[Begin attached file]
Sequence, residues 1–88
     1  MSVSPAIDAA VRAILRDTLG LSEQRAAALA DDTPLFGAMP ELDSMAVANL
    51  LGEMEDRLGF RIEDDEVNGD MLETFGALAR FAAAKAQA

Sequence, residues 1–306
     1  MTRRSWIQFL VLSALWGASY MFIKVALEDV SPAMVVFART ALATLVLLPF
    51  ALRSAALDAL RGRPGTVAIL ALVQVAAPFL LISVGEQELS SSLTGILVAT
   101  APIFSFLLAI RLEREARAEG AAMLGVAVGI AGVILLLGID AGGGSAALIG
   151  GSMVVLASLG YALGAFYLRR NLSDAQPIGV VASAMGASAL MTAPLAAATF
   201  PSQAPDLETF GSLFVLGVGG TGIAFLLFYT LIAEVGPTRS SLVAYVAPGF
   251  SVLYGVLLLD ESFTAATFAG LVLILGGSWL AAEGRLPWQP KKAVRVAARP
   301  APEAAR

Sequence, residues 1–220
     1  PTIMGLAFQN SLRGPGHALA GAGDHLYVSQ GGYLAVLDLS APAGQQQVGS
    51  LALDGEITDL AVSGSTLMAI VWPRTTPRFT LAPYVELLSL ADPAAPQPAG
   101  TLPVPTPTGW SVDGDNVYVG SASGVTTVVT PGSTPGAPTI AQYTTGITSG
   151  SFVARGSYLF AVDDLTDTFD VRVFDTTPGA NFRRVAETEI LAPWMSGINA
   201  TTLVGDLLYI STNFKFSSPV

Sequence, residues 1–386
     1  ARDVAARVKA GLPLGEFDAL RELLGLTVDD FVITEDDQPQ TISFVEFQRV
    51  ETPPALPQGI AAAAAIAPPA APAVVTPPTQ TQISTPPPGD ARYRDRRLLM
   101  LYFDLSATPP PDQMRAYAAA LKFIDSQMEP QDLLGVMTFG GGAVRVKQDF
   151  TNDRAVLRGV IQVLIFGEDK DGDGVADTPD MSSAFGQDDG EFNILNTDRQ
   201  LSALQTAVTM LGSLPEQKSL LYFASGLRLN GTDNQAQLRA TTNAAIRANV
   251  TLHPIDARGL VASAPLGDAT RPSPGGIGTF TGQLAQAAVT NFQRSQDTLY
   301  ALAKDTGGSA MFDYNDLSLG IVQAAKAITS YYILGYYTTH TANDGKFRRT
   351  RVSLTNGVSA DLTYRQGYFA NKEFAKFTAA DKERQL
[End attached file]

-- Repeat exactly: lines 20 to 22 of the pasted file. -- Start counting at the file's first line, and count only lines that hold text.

    51  ETPPALPQGI AAAAAIAPPA APAVVTPPTQ TQISTPPPGD ARYRDRRLLM
   101  LYFDLSATPP PDQMRAYAAA LKFIDSQMEP QDLLGVMTFG GGAVRVKQDF
   151  TNDRAVLRGV IQVLIFGEDK DGDGVADTPD MSSAFGQDDG EFNILNTDRQ